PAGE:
WPDFD Issue #28 - July 01, 2000
The Web is a wealth of information. Everything you want to know about everything is only a few clicks away at Yahoo or AltaVista. Yet, amidst all this, there are millions of Web pages with little or nothing to say. Somebody thinks, "Oh, I must have a Web page - everybody else has one!" They try desperately to find something to say and some way to say it. Then, in the realisation that their efforts are somewhat lacking, they turn to 'decoration'.
The following charts demonstrate how well your monitor copes with low tones, mid tones and highlights. This is a fairly stringent test and most monitors will not pass on all accounts. It also depends on the ambient light in your working area. In a brightly lit office, you will lose low tones because the colour of your physical screen is too bright. People who have to make accurate judgements of on-screen images - television editors and photo retouchers - work in dim or dark surroundings to minimise reflections and glare in the screen and give the best possible dynamic range.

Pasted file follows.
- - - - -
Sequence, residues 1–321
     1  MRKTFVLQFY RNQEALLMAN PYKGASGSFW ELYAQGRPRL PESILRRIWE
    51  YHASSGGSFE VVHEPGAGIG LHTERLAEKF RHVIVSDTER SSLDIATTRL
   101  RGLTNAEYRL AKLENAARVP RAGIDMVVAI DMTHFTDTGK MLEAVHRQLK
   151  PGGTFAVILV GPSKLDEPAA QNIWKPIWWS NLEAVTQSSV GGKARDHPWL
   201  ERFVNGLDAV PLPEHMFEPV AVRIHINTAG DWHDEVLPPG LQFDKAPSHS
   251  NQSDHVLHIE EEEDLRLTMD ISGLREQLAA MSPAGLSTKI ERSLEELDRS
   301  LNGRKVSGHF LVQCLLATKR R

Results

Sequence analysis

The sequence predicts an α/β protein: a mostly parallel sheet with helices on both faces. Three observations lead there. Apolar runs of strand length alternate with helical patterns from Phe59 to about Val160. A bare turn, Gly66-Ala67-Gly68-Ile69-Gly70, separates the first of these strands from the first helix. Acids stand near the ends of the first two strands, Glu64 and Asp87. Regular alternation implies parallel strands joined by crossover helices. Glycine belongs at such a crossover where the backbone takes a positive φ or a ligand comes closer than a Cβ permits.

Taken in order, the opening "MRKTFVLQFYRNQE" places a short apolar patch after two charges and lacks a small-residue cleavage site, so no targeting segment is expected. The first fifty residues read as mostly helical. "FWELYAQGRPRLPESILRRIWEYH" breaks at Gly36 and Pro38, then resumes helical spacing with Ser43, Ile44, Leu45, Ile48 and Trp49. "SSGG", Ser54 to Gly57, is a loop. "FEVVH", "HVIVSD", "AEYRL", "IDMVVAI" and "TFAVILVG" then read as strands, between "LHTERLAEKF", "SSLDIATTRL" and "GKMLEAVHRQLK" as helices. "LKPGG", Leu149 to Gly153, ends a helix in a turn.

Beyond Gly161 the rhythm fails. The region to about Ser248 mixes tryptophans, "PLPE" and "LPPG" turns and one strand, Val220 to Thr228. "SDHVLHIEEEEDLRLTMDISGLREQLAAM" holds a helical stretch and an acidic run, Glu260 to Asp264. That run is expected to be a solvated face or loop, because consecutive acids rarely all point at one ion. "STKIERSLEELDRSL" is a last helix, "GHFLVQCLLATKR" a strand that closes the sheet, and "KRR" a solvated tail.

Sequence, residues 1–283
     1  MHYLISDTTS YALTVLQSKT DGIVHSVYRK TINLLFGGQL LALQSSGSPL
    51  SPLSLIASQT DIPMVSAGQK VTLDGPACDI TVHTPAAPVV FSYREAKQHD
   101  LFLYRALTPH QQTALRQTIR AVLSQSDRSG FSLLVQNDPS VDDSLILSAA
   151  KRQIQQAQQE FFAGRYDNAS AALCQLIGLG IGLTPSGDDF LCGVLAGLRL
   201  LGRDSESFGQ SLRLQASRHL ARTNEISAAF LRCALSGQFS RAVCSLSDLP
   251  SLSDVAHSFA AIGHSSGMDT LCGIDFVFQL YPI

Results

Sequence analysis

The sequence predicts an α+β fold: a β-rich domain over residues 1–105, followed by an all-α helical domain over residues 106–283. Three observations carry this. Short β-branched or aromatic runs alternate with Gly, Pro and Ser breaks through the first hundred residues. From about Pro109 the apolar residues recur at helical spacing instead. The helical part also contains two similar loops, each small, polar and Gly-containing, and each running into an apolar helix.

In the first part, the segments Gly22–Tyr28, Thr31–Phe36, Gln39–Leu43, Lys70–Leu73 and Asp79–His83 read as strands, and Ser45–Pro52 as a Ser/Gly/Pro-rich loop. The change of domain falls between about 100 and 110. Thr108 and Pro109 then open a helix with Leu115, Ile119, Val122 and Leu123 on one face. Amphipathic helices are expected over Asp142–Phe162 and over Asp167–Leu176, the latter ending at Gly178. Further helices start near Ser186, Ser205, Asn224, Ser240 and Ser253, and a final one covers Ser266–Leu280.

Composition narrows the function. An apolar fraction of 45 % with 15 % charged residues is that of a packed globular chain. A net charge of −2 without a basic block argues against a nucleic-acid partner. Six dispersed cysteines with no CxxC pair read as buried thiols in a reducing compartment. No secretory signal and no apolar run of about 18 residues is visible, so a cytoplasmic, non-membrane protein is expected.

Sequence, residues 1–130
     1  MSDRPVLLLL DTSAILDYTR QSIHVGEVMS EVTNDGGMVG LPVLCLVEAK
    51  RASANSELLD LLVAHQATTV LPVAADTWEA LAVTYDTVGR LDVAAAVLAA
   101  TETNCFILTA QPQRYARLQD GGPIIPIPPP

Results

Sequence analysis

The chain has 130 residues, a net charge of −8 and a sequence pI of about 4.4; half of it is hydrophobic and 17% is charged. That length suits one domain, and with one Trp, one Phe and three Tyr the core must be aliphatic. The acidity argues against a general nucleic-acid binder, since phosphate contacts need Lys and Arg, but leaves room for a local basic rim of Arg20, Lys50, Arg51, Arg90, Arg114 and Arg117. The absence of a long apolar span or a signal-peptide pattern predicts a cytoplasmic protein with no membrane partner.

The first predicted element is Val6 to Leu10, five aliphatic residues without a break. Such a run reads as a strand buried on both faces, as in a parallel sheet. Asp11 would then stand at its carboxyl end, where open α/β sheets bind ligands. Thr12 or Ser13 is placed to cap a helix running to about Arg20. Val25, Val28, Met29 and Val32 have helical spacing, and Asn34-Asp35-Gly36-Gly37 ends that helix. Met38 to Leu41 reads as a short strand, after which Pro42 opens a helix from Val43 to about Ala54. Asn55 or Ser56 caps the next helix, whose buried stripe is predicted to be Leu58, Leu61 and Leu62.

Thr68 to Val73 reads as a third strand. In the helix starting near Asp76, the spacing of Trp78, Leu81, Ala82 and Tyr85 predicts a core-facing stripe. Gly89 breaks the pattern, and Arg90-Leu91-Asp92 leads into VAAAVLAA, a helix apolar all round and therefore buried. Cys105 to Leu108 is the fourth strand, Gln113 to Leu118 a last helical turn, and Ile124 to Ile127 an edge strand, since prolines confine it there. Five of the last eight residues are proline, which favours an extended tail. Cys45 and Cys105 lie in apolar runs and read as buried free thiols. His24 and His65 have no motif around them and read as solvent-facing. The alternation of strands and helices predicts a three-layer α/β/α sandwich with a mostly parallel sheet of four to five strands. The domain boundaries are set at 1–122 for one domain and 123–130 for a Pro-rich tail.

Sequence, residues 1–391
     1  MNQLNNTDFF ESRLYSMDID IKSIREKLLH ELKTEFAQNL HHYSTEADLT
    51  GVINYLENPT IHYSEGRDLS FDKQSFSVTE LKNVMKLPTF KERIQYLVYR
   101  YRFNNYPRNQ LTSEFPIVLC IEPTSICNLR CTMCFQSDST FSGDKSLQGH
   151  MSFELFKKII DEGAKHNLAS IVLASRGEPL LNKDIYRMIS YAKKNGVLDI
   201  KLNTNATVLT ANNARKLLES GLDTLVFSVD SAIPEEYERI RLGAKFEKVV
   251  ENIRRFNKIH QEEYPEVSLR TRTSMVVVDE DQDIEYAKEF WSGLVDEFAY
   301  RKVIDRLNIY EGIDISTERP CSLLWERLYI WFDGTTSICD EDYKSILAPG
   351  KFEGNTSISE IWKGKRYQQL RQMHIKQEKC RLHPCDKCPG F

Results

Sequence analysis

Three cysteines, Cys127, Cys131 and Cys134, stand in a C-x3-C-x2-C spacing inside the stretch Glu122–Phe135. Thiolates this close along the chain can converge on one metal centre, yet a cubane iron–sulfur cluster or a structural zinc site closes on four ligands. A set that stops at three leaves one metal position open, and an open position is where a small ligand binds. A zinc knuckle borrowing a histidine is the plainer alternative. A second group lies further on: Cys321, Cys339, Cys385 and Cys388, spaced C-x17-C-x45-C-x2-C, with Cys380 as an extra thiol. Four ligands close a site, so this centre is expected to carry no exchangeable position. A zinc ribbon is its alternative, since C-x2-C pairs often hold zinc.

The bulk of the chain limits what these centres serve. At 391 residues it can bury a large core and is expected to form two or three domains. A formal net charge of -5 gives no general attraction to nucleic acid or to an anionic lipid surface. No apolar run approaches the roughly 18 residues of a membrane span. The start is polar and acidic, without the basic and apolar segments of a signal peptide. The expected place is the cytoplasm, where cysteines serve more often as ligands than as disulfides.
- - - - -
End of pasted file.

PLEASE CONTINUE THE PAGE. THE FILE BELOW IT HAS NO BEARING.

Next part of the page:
I've used Illustrator since version 1.0 and every upgrade since. Previous versions have been pretty much aimed at print designers and although it has made the occasional nod in the direction of Web designers, it has never been quite so useful in that department as its stablemates, Photoshop and ImageReady. Photoshop has never been great for setting type though. Its clumsy text editing box and poor kerning have always made me revert to Illustrator for that particular task and then I drag and drop the Illustrator type into Photoshop to produce the final GIF files.